Says Soviet Critic
Aleksandr Herzen compared the theatre to the parliament which Romanov Russia did not have; a century later the Soviet theatre critic Anatoly Smeliansky added a further reflection: ‘In Soviet Russia the theatre took the place of both the sham parliament and the half-strangled Church.’1 The theatre, although less accessible to the rural population than the printed word, was regarded as a vital messenger of ideological imperatives, but by 1945 the Punch-and-Judy tradition of the itinerant agit-prop troupe, perhaps perched on a railway wagon, improvisatory, expressionist, and witty, had succumbed to the gilded grandeur of chandelier classicism—the theatre was now a place where you must leave your coat in the cloakroom before entering the auditorium.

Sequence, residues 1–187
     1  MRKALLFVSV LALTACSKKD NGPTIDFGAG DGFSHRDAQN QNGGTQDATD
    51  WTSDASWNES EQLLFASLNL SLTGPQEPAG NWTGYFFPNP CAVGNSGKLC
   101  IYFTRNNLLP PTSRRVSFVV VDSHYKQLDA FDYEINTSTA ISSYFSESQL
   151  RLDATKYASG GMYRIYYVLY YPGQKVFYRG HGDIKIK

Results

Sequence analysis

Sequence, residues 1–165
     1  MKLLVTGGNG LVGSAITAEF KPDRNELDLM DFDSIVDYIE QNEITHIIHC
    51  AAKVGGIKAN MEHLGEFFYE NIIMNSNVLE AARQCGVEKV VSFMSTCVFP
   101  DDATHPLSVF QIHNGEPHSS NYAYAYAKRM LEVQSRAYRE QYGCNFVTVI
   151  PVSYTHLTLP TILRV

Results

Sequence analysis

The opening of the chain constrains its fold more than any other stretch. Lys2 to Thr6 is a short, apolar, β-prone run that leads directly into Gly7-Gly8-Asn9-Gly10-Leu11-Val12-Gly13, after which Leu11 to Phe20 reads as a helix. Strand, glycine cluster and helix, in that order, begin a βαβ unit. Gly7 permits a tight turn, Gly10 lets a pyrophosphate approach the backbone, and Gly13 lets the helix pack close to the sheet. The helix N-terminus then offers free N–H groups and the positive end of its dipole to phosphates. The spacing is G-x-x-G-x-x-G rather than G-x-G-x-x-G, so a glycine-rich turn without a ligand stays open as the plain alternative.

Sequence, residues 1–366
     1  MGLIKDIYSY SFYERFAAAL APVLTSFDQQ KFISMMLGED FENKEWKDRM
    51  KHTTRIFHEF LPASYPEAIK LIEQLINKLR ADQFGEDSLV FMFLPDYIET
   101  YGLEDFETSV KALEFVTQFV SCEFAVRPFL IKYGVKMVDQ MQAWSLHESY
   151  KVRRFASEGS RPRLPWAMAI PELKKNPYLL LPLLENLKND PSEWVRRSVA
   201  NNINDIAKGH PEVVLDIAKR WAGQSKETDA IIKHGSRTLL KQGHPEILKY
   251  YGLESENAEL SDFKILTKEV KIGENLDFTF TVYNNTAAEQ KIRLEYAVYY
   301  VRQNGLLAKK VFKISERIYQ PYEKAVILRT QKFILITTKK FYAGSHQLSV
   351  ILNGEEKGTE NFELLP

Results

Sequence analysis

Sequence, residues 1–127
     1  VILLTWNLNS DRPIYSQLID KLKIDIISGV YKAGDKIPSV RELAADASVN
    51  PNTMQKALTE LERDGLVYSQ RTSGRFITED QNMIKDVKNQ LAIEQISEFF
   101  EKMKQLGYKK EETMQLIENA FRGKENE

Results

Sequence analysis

The Soviet Central Committee’s notorious cultural resolutions of 1946–8 brought terror and tears to every genre of cultural life—this was the Zhdanovshchina. Stalin’s daughter, Svetlana Alliluyeva, whose second marriage was to Andrei Zhdanov’s son, commented that Zhdanov viewed art from the bigoted and puritan points of view prevalent in the Party; his wife Zinaida, ‘the ultimate embodiment of this mixture of Party bigotry and the complacency of the bourgeois woman’, once remarked: ‘Ilya Ehrenburg loves Paris so much because there are naked women there.’2 The Central Committee resolution on theatre (26 August 1946), ‘Concerning the Repertoire of the Playhouses and Measures for its Improvement’, castigated Soviet theatres for their morbid preoccupation with performing ‘bourgeois foreign dramatists’. English and American one-act plays recently published in Moscow were damned as ‘cheap and trivial,’ inculcating a view of life (mirovozzrenie) harmful to Soviet citizens. ‘The grossest political mistake of the Arts Committee has been its wide circulation of such plays in the theatre world and their staging.’ Soviet playwrights were enjoined to study the life and